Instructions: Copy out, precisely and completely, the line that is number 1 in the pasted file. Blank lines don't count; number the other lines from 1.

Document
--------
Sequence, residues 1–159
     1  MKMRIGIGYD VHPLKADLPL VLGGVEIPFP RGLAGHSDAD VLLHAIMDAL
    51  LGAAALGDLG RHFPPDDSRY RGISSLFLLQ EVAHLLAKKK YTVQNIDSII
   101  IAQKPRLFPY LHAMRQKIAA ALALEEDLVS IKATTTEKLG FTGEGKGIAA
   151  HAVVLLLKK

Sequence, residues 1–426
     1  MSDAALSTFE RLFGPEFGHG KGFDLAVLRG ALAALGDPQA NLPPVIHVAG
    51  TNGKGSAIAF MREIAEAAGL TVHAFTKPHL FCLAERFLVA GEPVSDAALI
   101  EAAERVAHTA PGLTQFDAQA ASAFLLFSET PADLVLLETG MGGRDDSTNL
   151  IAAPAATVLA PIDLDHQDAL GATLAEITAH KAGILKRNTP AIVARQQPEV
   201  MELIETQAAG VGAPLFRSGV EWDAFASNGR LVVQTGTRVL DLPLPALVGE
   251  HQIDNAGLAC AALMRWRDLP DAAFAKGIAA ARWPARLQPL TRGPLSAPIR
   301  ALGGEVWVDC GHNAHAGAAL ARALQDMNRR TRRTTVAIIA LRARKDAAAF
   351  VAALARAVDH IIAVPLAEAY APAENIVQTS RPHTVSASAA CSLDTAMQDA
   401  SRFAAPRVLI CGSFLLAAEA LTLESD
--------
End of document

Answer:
Sequence, residues 1–159